SGT. 1ST CLASS CELIA HODGE
U.S. Army Central, Safety
Camp Arifjan, Kuwait
I am currently deployed to Kuwait. While I don’t have much interaction with the locals, I do occasionally leave the safety of Camp Arifjan and venture into Kuwait City. When I do, I always find myself in a chaotic driving free-for-all.
Driving in Kuwait City reminds me of the movie “Mad Max.” There are hazards everywhere! I have to be alert, with all my senses and brain working at the same time. The first time I drove off post, I was a nervous wreck. In fact, it took me almost two weeks to get enough confidence to drive into Kuwait City again.
When I took the class for my Kuwait driver’s license, the instructors told us we’d encounter hazardous and challenging conditions. To drive the point home, they showed us pictures of just what “hazardous” meant. I told myself it couldn’t really be that bad. The instructors surely had to be exaggerating. I quickly found out, however, they were spot on with their assessment. Still, I don’t think anything could have prepared me for the things I saw on the road and the locals’ careless driving habits.
For example, it is commonplace to see children standing and moving around inside vehicles, going from front to back freely without restraint. They also regularly sit on dashboards and hang out windows and sunroofs. Women are often seen holding children and feeding babies while driving.
Texting and driving is also a huge problem. To make matters worse, some of these drivers are in vehicles overloaded with merchandise or oversized furniture. Apparently, tie-down procedures don’t exist here, as evidenced by the debris and personal belongings littering the roads.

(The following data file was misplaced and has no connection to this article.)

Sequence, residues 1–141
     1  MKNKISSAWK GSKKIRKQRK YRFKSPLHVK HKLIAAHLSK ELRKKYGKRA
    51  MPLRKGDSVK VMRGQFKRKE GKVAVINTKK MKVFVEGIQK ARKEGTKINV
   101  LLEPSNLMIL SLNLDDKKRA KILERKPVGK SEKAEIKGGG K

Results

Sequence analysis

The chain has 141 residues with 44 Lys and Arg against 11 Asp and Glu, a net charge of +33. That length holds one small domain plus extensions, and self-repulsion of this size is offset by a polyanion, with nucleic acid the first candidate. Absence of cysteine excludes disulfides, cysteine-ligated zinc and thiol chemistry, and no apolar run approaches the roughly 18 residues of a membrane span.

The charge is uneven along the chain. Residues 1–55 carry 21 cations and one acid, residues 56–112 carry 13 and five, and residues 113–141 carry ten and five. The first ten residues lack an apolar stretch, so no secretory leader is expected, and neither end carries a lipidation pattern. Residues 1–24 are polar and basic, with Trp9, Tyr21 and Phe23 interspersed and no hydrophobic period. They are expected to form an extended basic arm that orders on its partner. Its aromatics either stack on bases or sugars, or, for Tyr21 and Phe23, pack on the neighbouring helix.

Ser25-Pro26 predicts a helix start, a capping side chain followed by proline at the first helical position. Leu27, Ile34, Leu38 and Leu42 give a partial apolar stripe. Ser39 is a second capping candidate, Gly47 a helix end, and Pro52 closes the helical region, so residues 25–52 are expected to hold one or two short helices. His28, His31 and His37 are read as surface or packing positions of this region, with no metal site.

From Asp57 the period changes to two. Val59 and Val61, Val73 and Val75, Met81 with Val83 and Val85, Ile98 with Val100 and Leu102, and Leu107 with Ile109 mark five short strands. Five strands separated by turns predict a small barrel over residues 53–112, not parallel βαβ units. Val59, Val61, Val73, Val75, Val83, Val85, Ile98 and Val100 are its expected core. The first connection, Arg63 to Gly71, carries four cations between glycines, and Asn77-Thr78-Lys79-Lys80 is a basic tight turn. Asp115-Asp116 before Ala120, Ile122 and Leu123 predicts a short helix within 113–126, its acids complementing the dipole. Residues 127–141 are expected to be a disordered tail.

There are rules of the road and posted speed limits, but the majority of drivers do not obey them. Speeding is a big problem. It seems everyone is in a hurry. There are no so-called “safe” lanes. The right and middle lanes are just as dangerous as the left. If a driver wants to pass you, it does not matter how much room he or she has. They will pass you regardless. And it isn’t unusual to see a driver come from the extreme left lane to get to his exit on the extreme right, cutting across four lanes of traffic. Of course, this is all done without turn signals.
Perhaps the most mindboggling of all is to see drivers back up or go the wrong way because they missed their exits, bringing the traffic to a standstill and taking a few side mirrors with them. One day, I witnessed an ambulance with lights flashing and siren blaring, trying to get through the chaos. It could not move and no one tried to get out of the way. I prayed for the sick person in that emergency vehicle.
Drag racing is another major hazard here. It is normal to see beautiful, high-powered cars with engines that are designed for raceways weaving in and out of traffic at a high rate of speed and performing stunts. These are the most dangerous situations because you literally have to get out of the way as best as you can, which means being reckless yourself.
The roundabouts are especially hazardous places, and Kuwait City has an abundance of them. No one seems to know who has the right of way because everyone tries to go through the circle as if they are in a video game. Navigating a roundabout is one of the most dangerous feats to pull off. Once you make it out of the circle you can breathe a sigh of relief, but you are still not in the clear until you are back at the entrance of the base camp.
A risk management worksheet is mandatory to leave the post and it is not just filled out frivolously. It is signed and dated by a colonel. It identifies all the known hazards — a true picture of what you will encounter on the roads in Kuwait — which will allow you develop and implement controls to mitigate the risk.
I’ve now driven in Kuwait often enough that I’ve become more relaxed than I was on my first trip downtown, but I’ll never let down my guard when on the road. When leaving the safety of the post, I have to be an extra-cautious defensive driver. I always have to be on alert, which means scanning all my mirrors (sides and rearview) and having the vehicle commander clear me on the right when trying to exit main highways. I do not look for other drivers to help. That’s just not going to happen.
If you ever find yourself driving in Kuwait, trust your training. Believe me, you’ll need it.